All We Ask for Is Peace: Voices of Women from South SudanA blog post on LinkedIn by UN Women Executive Director Phumzile Mlambo-Ngcuka
Cross-posted from LinkedIn
As the head of UN Women, one important part of my job is listening to women and girls and amplifying their voices on the world stage.
I am sending this dispatch from Juba, the capital of South Sudan, where I had the opportunity to meet with displaced women who are bearing the brunt of conflict and raising their voices for peace.
Since the recent conflict erupted in December 2013, it is estimated that more than 872,000 people have been displaced; forced to leave their homes, in fear for their lives. To provide food, water, health, and safety to the 3.2 million people who are affected, the international aid community appealed for USD $1.27 billion. So far, they have received just 18 per cent of what is required, and there is a shortfall of more than USD $1 billion.
Increased funding is urgently needed. More than 75,000 people are seeking shelter inside UN bases around the country, including 27,000 in the base here in Juba.
I spoke to women who had left their homes and belongings behind and are struggling to care for their children. They told me about their suffering, the violence they had endured, the children and husbands they had lost or been separated from. They told me about the lack of food, water and medication and the lack of safe spaces for them and their children to receive some form of education. They told me about disease and death. And they told me about their yearning for peace for South Sudan.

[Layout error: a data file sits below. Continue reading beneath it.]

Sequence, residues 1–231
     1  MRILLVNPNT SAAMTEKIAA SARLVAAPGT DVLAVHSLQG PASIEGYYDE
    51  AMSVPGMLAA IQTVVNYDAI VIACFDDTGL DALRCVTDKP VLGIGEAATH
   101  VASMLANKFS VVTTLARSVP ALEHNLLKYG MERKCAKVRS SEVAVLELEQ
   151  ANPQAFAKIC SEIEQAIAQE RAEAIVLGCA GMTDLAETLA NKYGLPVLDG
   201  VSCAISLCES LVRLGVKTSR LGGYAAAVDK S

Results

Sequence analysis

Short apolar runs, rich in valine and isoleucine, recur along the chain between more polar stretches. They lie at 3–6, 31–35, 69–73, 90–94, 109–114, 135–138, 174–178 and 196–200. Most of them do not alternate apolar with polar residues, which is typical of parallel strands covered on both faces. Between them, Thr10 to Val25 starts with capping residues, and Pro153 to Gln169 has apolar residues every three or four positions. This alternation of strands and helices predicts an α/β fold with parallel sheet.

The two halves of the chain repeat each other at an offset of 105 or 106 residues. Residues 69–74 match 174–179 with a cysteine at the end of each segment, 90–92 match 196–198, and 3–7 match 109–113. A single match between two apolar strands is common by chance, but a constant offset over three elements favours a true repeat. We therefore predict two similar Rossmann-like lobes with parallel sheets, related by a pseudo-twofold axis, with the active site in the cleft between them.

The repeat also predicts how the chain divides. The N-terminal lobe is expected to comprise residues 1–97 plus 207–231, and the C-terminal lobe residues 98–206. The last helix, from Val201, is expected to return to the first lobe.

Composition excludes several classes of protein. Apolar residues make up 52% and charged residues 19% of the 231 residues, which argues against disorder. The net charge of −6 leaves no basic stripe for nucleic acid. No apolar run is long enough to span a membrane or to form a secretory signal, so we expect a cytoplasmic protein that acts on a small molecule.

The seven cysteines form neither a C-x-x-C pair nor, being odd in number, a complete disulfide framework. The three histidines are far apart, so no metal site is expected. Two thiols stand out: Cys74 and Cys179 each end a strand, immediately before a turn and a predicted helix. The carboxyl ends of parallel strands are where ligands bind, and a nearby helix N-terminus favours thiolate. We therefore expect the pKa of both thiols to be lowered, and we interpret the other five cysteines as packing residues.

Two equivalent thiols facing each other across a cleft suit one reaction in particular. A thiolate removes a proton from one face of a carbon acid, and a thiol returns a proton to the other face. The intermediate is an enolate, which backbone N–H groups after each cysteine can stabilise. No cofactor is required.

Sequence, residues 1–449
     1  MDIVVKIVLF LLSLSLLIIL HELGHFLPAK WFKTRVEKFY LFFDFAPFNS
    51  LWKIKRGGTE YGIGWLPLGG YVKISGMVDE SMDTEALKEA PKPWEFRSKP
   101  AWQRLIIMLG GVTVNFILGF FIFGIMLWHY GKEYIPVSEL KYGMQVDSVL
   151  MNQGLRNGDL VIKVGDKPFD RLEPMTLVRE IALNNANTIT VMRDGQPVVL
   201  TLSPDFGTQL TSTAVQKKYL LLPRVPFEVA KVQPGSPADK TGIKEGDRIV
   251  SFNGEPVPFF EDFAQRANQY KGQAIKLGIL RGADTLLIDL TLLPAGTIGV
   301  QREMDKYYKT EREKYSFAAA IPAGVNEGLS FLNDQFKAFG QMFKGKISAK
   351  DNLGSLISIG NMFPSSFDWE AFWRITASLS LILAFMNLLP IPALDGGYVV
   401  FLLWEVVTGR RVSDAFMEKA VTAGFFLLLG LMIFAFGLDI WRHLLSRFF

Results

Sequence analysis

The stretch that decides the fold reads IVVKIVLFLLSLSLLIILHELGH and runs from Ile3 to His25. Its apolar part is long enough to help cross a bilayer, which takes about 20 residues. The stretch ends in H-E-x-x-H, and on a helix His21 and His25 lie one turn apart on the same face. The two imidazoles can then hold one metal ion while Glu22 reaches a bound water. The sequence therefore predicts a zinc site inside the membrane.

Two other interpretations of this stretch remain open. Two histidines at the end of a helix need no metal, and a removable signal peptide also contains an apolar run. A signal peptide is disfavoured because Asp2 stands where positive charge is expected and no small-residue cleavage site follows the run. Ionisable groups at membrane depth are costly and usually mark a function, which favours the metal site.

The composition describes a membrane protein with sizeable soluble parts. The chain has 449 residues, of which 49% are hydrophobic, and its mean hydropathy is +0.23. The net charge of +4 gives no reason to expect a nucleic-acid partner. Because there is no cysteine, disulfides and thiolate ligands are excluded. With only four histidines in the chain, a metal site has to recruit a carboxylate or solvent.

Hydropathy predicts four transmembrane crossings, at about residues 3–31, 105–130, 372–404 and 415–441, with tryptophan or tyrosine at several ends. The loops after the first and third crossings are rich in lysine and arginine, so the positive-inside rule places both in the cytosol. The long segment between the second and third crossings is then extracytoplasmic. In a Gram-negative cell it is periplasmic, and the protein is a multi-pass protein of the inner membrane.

While partners are scaling up access to water, health, sanitation and nutrition support to avert a looming public health disaster, durable solutions must be found, including restoration of confidence in the rule of law, so that people can return to their homes when they feel safe to do so.
Many women here are pregnant, lactating, or caring for infants, and they face serious health risks due to lack of nutrition. Displaced people here live under thin plastic sheeting, and they worry that when the rainy season comes, they will not be protected from the elements.
The conflict in South Sudan has exacerbated the poverty and violence experienced by women. Eight out of 10 women are illiterate, and the rate of violence against women and girls is extremely high. The most recent study found that as many as 40 per cent are affected by physical or sexual violence.
Despite hardship and displacement, the women I met with are keen to rebuild their country, and to focus on self-improvement and opportunities to generate income in the future. South Sudan has one of the most progressive constitutions in the world in which the rights of women are guaranteed. Thanks in part to advocacy and the South Sudan Women for Peace, at the talks that began last week in Ethiopia, both parties included women their negotiating teams.
In addition to meeting women, I also met with President Salva Kiir, and key Ministers, UN agencies, and women leaders. We discussed women’s full participation in the political talks, and the need to prioritize women’s needs and rights in the political negotiations and the humanitarian and security response.
As one of the displaced women told me, “All we ask for is peace so that we can go back to our lives. We want our children to go home, to school and to get nutritious food and proper health services.”
These demands and hopes must be heard. Any lasting solution to the crisis in South Sudan requires the leadership participation of women.
With safety, human rights and empowerment, women can claim their equal place in society and help realize a more peaceful and prosperous future.
Read more about my visit:http://owl.li/tN4Gv
Follow me on Twitter @phumzileunwomen.